MECCA • The Saudi authorities are investigating a construction crane collapse that killed at least 107 people during a storm at Mecca's Grand Mosque, pledging that the annual haj pilgrimage would go ahead.
More than 200 others were hurt and panic broke out as the massive crane crashed down on the mosque, one of Islam's holiest sites, as worshippers gathered for weekly Friday prayers.
Hundreds of thousands of pilgrims have already arrived in Mecca for the haj, which is expected to start on Sept 21. It is one of the world's largest religious festivals and drew two million worshippers last year.
A Saudi official said this year's haj will proceed despite the tragedy.
"It definitely will not affect the haj this season and the affected part will probably be fixed in a few days," the official, who declined to be named, said yesterday.
Indonesia, the world's largest Muslim-populated nation, said two of its nationals were killed, while Malaysia said 10 of its nationals were hurt and eight were unaccounted for.
As world leaders offered their condolences, the governor of the Mecca region, Prince Khaled Al-Faisal, ordered an investigation into the incident.
Mr Abdel Aziz Naqoor, who said he works at the mosque, told Agence France-Presse that he saw the massive construction crane fall during the storm.
"If it weren't for Al-Tawaf bridge, the injuries and deaths would have been worse," he said, referring to a covered walkway that surrounds the holy Kaaba, which broke the crane's fall.
The Kaaba is a massive cube-shaped structure at the centre of the mosque towards which Muslims worldwide pray.
Pictures of the incident on Twitter showed bloodied bodies strewn across a courtyard where the top part of the crane, which appeared to have bent or snapped, had crashed into the building, which is several storeys high.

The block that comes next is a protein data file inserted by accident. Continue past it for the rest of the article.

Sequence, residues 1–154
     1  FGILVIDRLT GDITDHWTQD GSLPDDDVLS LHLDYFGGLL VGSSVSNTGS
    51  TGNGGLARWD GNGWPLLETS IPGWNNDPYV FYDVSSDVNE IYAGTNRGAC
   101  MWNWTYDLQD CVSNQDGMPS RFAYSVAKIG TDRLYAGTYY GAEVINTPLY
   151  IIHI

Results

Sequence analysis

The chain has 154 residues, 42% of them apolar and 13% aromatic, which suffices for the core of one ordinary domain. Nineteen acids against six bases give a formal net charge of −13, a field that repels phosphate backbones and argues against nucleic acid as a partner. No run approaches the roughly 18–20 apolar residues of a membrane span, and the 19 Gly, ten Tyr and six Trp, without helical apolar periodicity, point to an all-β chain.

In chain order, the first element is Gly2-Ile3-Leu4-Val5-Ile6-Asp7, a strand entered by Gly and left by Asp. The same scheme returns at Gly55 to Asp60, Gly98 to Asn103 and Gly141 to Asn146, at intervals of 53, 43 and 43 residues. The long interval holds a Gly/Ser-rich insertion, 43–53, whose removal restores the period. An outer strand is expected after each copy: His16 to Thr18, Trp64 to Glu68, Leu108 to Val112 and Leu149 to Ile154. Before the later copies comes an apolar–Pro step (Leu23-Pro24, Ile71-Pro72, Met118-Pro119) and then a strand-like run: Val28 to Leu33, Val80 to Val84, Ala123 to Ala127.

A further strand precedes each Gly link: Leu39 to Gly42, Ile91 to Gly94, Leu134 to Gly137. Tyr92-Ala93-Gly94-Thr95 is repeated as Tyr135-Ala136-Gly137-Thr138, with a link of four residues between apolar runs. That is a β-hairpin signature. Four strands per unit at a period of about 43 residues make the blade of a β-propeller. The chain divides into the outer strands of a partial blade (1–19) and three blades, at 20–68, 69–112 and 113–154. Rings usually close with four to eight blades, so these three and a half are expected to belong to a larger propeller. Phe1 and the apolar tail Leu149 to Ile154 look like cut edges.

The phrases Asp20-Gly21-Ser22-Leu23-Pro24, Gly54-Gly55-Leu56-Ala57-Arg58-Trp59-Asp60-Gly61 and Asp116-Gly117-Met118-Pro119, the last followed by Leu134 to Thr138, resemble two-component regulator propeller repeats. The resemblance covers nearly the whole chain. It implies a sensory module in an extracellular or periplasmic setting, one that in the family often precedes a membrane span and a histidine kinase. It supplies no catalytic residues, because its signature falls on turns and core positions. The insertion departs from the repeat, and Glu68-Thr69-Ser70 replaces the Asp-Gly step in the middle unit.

A video on YouTube showed people screaming and rushing around right after a massive crash was heard. The wreckage of the red and white crane was seen lying across the floor of the mosque, where chunks of the floor had been gouged out.
Several other cranes towered over the site.
The Grand Mosque is usually at its most crowded on Fridays, the Muslim weekly day of prayer.
Many worshippers would have been gathered there ahead of evening maghrib prayers, which were held about an hour after the tragedy occurred.
Mr Ahmed Mohammad Aal-Mansoori, a spokesman for the mosque and the Prophet's Mosque in Medina, was quoted by the official Saudi Press Agency as saying that part of a crane collapsed "as a result of strong winds and heavy rains".
Mr Irfan Al-Alawi, the co-founder of the Mecca-based Islamic Heritage Research Foundation, compared the carnage with that caused by a bomb. He suggested that the authorities had been negligent by having a series of cranes overlooking the mosque.
"They do not care about the heritage, and they do not care about health and safety," he said.
It is not the first time tragedy has struck Mecca pilgrims.
In 2006, several hundred people were killed in a stampede during the Stoning of the Devil ritual in nearby Mina, following a similar incident two years earlier.
But the haj has become nearly incident-free in recent years because of multibillion-dollar projects.
Work is under way to expand the area of the Grand Mosque by 400,000 sq m, allowing it to accommodate up to 2.2 million people at a time.